MLB Stadiums Extend Beer Sales To Later Innings Due To New Rules, But Is This A Safe Decision?

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Major League Baseball teams and stadiums are making changes in order to make a profit.

Due to MLB’s new rules, mainly the implementation of the pitch clock, it’s now undeniable that games are going quicker.

However, quicker games have financial implications as well. The faster the game, the less time people have to spend money at the stadium.


The average baseball game is 30-40 minutes shorter.

Commissioner Rob Manfred is ecstatic about it, recently saying this is the best way for the sport to stay relevant and attract a younger audience.

However, according to sports business writer Joe Pompliano, shortened games will account for up to $1 million in lost beer sales throughout the season for each team.

Owners don’t want to hear that and have now extended beer sales to go beyond the typical 7th inning cutoff.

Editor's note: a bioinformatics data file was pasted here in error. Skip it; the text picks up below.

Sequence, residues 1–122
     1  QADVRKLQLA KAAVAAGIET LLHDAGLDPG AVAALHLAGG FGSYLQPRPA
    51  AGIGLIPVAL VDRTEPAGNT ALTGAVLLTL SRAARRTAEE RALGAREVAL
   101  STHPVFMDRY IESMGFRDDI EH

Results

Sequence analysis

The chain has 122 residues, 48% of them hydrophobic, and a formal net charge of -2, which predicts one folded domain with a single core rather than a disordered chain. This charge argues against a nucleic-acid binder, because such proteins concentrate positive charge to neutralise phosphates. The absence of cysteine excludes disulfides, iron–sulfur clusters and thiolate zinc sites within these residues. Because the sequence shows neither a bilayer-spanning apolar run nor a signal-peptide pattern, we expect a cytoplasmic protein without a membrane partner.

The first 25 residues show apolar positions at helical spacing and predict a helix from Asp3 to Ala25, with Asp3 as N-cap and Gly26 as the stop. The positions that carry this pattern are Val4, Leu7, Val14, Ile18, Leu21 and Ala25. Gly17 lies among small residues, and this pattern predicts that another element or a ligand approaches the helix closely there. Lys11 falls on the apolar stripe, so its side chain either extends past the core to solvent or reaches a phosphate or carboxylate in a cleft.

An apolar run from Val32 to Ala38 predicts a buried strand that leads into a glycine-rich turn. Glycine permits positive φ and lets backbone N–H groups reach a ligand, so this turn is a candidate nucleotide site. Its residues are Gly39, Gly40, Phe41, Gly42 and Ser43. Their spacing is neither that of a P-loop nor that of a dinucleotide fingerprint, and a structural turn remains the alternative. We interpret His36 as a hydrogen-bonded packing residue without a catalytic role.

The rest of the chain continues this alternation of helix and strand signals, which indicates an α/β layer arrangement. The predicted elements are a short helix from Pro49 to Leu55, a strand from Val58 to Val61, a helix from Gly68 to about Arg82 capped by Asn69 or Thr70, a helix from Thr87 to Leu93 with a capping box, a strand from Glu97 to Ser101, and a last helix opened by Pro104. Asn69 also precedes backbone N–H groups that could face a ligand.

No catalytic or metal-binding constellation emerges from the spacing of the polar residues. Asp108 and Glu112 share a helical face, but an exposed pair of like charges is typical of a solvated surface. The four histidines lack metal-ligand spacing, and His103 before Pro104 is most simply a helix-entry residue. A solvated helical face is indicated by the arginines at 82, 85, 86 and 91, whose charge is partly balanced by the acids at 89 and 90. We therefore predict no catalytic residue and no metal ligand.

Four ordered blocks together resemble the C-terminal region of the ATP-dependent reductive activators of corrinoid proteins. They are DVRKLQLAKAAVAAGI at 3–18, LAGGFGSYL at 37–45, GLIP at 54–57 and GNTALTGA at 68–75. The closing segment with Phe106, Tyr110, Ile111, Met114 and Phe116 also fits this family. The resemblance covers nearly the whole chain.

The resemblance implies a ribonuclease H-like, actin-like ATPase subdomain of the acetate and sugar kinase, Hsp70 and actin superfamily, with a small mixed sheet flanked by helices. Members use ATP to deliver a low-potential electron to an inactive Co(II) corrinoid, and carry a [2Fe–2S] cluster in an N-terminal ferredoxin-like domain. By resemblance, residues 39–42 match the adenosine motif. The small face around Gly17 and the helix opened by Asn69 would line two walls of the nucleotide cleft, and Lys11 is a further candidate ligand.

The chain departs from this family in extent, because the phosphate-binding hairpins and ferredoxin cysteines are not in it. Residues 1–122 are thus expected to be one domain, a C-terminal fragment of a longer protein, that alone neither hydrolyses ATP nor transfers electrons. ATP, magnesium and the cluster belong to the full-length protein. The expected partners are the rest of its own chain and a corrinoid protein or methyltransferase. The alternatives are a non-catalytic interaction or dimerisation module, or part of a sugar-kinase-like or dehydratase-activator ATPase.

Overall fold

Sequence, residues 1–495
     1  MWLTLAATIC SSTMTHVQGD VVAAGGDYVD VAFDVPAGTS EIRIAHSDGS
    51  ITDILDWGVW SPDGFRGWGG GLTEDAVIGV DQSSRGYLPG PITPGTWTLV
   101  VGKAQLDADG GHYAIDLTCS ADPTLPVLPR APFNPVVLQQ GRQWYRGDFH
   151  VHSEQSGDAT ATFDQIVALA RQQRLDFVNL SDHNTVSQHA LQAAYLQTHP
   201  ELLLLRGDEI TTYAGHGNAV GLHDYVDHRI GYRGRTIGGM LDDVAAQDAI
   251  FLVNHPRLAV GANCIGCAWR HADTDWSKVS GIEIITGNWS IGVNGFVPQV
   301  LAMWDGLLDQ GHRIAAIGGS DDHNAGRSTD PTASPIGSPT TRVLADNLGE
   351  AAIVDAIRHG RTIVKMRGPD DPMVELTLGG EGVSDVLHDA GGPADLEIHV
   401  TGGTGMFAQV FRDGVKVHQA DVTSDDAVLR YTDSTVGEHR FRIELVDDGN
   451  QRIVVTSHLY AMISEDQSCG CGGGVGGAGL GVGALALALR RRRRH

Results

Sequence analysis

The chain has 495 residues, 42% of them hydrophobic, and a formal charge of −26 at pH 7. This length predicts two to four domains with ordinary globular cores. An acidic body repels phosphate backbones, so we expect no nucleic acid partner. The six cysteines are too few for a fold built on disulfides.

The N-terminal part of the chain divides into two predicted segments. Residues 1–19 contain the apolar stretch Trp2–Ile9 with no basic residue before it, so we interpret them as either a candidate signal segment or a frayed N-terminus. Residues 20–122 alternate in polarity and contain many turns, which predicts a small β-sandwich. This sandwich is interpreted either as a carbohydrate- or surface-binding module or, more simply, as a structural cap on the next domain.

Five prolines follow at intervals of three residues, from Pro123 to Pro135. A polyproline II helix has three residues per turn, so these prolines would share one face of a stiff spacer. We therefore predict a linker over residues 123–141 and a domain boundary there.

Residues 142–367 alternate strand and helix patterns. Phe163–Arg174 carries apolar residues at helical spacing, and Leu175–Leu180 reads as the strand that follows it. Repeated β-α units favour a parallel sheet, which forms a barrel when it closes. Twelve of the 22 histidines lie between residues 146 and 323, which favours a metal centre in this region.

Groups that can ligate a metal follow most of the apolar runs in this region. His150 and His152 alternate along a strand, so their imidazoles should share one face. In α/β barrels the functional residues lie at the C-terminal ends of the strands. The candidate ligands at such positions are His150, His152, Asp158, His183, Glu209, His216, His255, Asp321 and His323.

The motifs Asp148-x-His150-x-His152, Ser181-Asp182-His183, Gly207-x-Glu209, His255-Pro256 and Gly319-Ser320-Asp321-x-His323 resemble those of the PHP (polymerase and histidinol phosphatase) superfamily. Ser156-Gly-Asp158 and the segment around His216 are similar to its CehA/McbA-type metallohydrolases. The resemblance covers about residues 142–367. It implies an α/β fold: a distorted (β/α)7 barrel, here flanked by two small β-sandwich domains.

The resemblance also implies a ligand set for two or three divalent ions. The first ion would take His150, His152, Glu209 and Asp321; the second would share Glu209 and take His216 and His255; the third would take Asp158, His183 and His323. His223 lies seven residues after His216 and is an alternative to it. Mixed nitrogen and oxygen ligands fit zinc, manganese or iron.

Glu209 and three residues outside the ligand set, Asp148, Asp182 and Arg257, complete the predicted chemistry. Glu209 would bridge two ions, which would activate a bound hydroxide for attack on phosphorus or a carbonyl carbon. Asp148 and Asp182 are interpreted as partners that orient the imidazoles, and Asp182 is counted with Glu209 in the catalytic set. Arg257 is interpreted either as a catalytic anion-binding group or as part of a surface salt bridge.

The Milwaukee Brewers, Tampa Bay Rays, Arizona Diamondbacks, Texas Rangers and Minnesota Twins have all extended their beer sales through the 8th inning.

Although financially it makes sense, one has to also state the obvious.

The reason there was a 7th inning cutoff wasn’t because of people not wanting to buy alcohol; it was to limit the amount of drunk drivers and to give a chance for people to sober up before they hit the road.

Unfortunately, faster games creates a binge-like party atmosphere where younger fans may drink quicker to make up on the lost game time. And now you can add to the fact that they are doing that into the 8th inning.

It seriously could be very problematic and we hope to God people are safe.

Written by Mike Gunzelman

Mike “Gunz” Gunzelman has been involved in the sports and media industry for over a decade. He’s also a risk taker - the first time he ever had sushi was from a Duane Reade in Penn Station in NYC.

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